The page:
Several working bees were held. The first work done was in connection with the big howitzer. It was painted and logs were procured for a foundation. They were placed in position and securely spiked down. Another working bee was held a few weeks later with the ladies providing refreshments. By December the work in regards to placing the gun in position was well underway. The Council sold the cement at cost price to the War Trophy Committee and a platform was cemented in February 1923. 

The trophies faced the entrance to the Park and in mid April a roadway leading to the war trophies was made. The big gun was later placed in position with the anchor bolt holding the gun carriage in position. All of the spikes were supplied free of charge. Eight and a half tons of porphyry were placed on the road approach. Finally a wicket gate was placed at the entrance to keep the cattle out. This completed the work and the guns were mounted in readiness for the unveiling.

On the 6th April a meeting of citizens was held in the Shire Office to make arrangements for a fitting observance of Anzac Day. Rev. Thomas Edwards was the chairman. The following men were appointed as the committee: Revs. Henry Capern, Evangelist Horace Bassard, Captain Fred Evans, Messrs. Wilhelm August Zerner, Robert Sellars, Douglas Banks, James Elder, and James Wells. 

On Anzac Day the 25th April, 1923 the ceremony for the unveiling of the war trophies was held.

Anzac Day was commemorated in a worthy manner by the citizens of Rosewood, who entered unitedly into the spirit of the solemn occasion. The day was observed as a holiday by the schools and public offices, and the business premises were closed from 11 a.m. to 2 pm, although a general holiday atmosphere was felt throughout the day. [Q.T. 26 April 1923]

ROSEWOOD,  April 26. Yesterday morning the president of the Rosewood A. and H. Association (Mr. R. Sellars), assisted by some of the foundation members of the association, hoisted the Union Jack and Australian flag on the new flag pole kindly donated to the association by Mr. Jas. Elder. Several speeches by old members were made.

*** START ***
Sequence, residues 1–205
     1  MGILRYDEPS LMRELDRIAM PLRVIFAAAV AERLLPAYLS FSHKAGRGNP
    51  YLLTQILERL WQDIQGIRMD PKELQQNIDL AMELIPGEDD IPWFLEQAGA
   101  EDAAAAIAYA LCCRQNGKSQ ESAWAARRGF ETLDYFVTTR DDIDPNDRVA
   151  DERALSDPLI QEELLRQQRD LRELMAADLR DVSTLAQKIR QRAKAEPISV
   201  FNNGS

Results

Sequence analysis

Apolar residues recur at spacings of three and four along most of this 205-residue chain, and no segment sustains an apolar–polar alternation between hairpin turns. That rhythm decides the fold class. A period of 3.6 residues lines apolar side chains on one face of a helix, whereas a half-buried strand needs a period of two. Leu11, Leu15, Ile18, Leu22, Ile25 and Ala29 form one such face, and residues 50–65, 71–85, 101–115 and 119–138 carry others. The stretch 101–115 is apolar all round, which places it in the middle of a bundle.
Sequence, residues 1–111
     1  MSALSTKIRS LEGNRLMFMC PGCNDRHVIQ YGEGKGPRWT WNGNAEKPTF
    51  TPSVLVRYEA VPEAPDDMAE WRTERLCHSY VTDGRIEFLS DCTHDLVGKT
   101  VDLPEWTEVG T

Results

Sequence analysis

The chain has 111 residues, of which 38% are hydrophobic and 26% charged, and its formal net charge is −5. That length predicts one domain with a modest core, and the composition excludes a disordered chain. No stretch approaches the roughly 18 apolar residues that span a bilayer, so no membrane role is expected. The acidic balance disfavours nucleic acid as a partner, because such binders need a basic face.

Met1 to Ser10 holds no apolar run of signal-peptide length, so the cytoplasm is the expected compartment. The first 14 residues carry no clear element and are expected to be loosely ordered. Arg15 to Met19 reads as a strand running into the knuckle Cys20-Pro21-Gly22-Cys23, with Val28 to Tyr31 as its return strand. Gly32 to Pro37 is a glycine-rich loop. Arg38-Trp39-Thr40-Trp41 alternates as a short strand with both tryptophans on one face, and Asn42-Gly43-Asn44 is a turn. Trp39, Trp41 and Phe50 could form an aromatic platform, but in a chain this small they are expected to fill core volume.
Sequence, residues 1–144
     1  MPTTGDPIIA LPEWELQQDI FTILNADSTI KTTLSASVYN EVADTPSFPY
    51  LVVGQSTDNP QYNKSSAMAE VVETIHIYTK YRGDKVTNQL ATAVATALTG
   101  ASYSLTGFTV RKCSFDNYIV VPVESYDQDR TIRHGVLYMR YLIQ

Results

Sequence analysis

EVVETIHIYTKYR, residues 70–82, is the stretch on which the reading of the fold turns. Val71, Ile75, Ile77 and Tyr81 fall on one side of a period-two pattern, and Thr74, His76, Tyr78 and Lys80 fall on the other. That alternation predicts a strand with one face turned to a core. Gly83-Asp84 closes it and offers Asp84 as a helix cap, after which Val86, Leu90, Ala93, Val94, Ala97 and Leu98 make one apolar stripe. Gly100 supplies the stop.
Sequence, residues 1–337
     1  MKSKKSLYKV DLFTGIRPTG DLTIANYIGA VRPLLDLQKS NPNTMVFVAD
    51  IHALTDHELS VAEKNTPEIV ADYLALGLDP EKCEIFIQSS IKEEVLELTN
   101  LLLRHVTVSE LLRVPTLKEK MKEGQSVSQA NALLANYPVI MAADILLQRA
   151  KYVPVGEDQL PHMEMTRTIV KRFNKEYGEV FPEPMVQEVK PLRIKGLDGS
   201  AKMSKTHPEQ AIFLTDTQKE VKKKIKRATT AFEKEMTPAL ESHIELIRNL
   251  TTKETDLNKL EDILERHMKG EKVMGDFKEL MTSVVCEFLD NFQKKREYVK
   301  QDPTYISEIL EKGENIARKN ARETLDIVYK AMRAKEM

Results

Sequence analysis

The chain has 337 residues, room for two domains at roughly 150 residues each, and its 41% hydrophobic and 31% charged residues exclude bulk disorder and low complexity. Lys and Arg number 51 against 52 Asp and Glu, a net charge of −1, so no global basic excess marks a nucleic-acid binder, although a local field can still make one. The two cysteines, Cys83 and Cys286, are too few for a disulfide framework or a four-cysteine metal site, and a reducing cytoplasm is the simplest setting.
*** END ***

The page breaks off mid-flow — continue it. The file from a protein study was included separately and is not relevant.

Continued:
The Rev. Father Hayes, conducted a requiem mass in St. Brigid’s Church. A united memorial service was held at Anzac Park at noon. The Rev. T. K. Edwards presided, and speeches were delivered by the president, Evangelist Bassard, and Mr. H. Capern. A guard of honour was formed under Capt. F. Evans and Sergt. Bade.  The ceremony under the auspices of the War Trophies Committee of unveiling the three guns allotted to Rosewood was performed by Major A. E. Harte. The “Last Post” was sounded by Mr. W. Dawson, and the National Anthem was sung.

The public celebration of Anzac Day was held in the Farmers’ Hall last night. There was a large attendance, and the Rev. T. E. Edwards presided. The speakers to the first resolution were Mr. Johnson, Major Harte, and Capt. Evans. Evangelist Bassard moved the second resolution, and it was supported by Mr. H. Capern. The chairman read the names of the fallen soldiers from the Rosewood district, and after one minute’s silence at 9 p.m. Mr. Dawson sounded the “Last Post.” [Q.T. Friday 27 April 1923]

 Read another account here.

The secretary of the Rosewood War Trophies Committee applied for permission to plant two Crows Ash trees on either side of the gun in the Anzac Park. The request was referred to the Parks Committee. Subsequently when Cr. Walsh spoke of ordering a number of trees to plant round the boundaries of the park they passed a motion that the trees be sourced from the Curator of the Brisbane Botanical Gardens.